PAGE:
Vehicle-to-grid tech lets EVs power buildings

Vehicle-to-grid tech lets EVs power buildings

Technology News |
Researchers at Warwick University (Coventry, UK) are working with car maker Jaguar Land Rover on ways to use the energy from electric vehicles to power buildings.
By Rich Pell

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Dr Kotub Uddin, with colleagues from the university’s Energy and Electrical Systems group and the car maker, which does not yet have an electric model, demonstrated that vehicle-to-grid (V2G) technology could boost the lifetime of the batteries by around 10%.

Through fifty long-term degradation experiments on commercial C6/LiNiCoAlO2 batteries, the team has built one of the most accurate battery degradation models to predict battery capacity and power fade over time under various ageing acceleration factors such as temperature, state of charge, current and depth of discharge.

Using this validated degradation model, the team developed a smart grid algorithm, which intelligently calculates how much energy a vehicle requires to carry out daily journeys, and – crucially – how much energy can be taken from its battery without negatively affecting it, or even improving its longevity.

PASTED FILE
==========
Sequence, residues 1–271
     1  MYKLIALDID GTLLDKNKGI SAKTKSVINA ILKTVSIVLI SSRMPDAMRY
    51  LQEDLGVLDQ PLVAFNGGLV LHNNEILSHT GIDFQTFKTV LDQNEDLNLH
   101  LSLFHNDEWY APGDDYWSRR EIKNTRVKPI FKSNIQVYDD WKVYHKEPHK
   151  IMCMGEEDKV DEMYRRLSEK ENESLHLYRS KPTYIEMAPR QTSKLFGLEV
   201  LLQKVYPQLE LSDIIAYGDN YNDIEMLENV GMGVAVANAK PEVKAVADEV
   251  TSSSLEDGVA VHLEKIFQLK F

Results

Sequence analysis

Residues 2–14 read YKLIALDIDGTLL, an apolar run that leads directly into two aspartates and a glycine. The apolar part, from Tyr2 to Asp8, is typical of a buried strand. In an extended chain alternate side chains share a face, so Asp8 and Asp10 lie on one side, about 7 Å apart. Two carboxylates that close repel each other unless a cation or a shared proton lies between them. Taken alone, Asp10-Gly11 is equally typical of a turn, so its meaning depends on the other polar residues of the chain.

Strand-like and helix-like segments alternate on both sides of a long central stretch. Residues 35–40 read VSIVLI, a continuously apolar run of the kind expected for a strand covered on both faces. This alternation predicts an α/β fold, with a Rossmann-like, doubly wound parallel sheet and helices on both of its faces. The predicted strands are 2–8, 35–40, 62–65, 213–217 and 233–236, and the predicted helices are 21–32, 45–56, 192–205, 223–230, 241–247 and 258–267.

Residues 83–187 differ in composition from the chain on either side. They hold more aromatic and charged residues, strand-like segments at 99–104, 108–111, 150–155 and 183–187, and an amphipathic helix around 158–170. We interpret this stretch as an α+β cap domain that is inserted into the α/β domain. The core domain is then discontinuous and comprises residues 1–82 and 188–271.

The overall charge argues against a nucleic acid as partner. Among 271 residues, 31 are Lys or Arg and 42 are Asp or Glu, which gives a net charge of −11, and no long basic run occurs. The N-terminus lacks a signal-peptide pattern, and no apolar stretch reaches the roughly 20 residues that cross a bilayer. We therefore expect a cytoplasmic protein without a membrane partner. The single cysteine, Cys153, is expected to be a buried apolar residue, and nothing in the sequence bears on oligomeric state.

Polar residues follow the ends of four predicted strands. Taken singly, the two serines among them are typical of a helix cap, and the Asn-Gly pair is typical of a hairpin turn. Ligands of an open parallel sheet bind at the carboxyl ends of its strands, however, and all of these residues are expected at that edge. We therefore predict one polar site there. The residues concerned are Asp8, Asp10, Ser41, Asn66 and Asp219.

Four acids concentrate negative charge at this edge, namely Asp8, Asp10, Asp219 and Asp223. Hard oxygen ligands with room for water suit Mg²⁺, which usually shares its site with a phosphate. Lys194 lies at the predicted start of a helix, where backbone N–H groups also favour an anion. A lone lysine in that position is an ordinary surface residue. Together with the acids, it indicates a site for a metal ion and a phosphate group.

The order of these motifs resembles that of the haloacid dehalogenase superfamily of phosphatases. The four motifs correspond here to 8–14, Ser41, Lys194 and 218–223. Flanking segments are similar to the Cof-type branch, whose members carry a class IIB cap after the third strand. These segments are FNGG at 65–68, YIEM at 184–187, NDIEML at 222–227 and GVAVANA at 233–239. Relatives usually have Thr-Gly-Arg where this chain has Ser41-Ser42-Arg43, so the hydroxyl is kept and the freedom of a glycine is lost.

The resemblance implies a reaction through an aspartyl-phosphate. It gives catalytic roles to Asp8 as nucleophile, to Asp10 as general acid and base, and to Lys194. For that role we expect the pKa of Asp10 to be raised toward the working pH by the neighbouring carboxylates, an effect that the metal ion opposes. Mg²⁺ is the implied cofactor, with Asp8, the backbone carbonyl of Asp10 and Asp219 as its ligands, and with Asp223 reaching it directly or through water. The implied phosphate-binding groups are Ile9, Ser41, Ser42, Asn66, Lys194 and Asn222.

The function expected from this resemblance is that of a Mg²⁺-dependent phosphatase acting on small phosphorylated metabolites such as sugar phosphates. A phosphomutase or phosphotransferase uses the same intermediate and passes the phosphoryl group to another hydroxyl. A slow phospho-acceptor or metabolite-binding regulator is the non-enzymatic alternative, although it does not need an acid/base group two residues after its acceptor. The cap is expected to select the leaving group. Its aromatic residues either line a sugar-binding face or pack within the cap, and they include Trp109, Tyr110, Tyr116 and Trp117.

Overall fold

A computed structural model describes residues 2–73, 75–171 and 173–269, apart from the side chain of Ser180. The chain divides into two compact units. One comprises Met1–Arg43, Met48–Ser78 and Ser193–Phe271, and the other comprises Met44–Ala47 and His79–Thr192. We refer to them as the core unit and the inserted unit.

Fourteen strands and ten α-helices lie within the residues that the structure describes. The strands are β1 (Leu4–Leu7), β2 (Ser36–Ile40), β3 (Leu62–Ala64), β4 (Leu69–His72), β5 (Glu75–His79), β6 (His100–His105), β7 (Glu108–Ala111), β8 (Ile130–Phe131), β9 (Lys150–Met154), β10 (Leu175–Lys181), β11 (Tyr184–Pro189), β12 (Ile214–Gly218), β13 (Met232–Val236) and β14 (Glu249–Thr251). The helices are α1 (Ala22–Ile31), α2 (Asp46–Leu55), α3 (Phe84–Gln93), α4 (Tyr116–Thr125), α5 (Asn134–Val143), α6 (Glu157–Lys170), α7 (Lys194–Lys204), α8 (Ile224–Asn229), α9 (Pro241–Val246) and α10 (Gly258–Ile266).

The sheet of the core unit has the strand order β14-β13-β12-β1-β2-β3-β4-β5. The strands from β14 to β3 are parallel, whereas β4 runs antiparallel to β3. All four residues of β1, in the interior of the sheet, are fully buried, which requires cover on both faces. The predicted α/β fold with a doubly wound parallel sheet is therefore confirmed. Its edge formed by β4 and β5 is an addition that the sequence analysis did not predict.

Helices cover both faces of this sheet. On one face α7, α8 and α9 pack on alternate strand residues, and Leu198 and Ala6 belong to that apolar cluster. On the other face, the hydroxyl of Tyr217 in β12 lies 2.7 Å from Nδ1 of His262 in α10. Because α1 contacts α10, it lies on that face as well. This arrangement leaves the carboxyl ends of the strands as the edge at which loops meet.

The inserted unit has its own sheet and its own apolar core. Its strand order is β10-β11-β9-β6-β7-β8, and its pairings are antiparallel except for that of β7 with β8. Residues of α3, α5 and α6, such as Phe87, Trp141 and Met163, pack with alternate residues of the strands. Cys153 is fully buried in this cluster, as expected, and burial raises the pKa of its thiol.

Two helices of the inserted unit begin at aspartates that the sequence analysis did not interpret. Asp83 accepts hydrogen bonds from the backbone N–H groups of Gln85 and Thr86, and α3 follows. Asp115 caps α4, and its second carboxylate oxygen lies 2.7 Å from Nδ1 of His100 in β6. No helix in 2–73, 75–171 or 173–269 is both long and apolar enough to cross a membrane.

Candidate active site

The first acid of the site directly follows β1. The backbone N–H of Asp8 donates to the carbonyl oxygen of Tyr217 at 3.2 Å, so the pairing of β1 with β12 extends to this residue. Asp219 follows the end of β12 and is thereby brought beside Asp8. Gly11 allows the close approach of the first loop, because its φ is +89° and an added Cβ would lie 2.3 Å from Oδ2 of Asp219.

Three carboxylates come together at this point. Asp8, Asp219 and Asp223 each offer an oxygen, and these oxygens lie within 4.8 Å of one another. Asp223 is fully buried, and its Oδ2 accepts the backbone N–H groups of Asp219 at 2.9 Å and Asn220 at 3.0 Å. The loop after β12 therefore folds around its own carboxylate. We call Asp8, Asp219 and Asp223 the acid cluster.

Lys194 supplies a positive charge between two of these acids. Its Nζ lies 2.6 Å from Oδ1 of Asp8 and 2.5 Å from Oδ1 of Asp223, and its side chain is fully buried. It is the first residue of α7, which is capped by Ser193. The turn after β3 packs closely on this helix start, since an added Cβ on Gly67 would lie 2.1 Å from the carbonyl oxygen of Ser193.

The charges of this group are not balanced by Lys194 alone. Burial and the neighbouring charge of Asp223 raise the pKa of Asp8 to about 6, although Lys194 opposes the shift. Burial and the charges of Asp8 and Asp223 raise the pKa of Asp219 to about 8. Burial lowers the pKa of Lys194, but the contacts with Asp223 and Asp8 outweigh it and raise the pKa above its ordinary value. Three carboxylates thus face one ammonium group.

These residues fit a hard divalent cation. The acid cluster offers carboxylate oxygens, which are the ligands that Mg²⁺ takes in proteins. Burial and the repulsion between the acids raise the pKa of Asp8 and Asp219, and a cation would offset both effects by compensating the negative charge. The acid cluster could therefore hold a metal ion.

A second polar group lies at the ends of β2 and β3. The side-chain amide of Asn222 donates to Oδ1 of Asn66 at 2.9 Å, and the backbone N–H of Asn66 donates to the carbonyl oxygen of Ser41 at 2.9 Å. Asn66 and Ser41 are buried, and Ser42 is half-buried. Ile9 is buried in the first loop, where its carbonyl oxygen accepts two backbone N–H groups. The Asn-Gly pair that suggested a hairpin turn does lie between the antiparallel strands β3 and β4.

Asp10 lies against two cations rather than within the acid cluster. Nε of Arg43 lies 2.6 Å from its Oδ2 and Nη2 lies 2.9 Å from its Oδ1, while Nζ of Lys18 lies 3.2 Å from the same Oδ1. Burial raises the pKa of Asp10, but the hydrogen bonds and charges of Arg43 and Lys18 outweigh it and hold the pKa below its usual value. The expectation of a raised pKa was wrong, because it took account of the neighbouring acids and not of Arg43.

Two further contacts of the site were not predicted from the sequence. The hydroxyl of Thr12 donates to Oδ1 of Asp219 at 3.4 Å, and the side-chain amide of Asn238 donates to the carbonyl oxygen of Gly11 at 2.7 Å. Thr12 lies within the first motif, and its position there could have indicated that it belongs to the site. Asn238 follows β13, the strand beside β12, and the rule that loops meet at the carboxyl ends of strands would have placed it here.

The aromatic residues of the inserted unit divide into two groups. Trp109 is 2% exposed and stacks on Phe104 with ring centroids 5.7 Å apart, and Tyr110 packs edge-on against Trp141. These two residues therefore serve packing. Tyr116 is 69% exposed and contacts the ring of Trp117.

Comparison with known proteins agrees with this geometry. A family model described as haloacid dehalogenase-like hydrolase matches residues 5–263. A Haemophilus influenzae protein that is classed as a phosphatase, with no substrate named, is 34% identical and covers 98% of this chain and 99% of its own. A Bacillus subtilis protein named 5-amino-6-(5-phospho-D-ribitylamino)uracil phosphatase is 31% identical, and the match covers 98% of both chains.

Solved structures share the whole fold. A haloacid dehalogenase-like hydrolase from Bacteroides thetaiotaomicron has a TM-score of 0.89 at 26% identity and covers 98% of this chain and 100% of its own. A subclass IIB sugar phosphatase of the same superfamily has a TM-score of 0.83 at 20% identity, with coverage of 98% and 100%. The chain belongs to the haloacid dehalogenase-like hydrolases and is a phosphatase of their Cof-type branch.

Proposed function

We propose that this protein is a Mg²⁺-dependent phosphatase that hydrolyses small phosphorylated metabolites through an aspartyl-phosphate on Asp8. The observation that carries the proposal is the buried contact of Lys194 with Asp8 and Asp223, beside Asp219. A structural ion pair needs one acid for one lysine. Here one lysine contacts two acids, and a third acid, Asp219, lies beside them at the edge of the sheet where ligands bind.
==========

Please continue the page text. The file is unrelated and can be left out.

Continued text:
The researchers used the algorithm to power their International Digital Laboratory – a large, busy building which contains a 100-seater auditorium, two electrical laboratories, teaching laboratories, meeting rooms, and houses approximately 360 staff – with energy from EVs parked on the University of Warwick campus.

They worked out that the number of EVs parked on the campus (around 2.1% of cars, in line with the UK market share of EVs) could spare the energy to power this building – and that in doing so, capacity fade in participant EV batteries would be reduced by up to 9.1%, and power fade by up to 12.1% over a year. It has previously been thought that extracting energy from EVs with V2G technology causes their lithium ion batteries to degrade more rapidly.


Given that battery degradation is dependent on the age, capacity throughput, temperature, state of charge, current and depth of discharge of the cells, the V2G algorithm is an effective optimisation tool.  

“These findings reinforce the attractiveness of vehicle-to-grid technologies to automotive Original Equipment Manufacturers: not only is vehicle-to-grid an effective solution for grid support – and subsequently a tidy revenue stream – but we have shown that there is a real possibility of extending the lifetime of traction batteries in tandem,” said Uddin. 

www.warwick.ac.uk

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